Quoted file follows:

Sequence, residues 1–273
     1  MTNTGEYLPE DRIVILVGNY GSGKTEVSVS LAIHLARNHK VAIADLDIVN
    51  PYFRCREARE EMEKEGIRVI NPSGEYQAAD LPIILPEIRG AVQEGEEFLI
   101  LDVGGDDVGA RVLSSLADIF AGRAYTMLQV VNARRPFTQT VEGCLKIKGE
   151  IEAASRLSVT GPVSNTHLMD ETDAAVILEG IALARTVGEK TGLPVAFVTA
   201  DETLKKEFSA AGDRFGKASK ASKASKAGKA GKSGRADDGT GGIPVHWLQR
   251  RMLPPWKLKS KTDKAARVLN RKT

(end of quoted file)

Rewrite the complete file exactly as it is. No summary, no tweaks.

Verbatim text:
Sequence, residues 1–273
     1  MTNTGEYLPE DRIVILVGNY GSGKTEVSVS LAIHLARNHK VAIADLDIVN
    51  PYFRCREARE EMEKEGIRVI NPSGEYQAAD LPIILPEIRG AVQEGEEFLI
   101  LDVGGDDVGA RVLSSLADIF AGRAYTMLQV VNARRPFTQT VEGCLKIKGE
   151  IEAASRLSVT GPVSNTHLMD ETDAAVILEG IALARTVGEK TGLPVAFVTA
   201  DETLKKEFSA AGDRFGKASK ASKASKAGKA GKSGRADDGT GGIPVHWLQR
   251  RMLPPWKLKS KTDKAARVLN RKT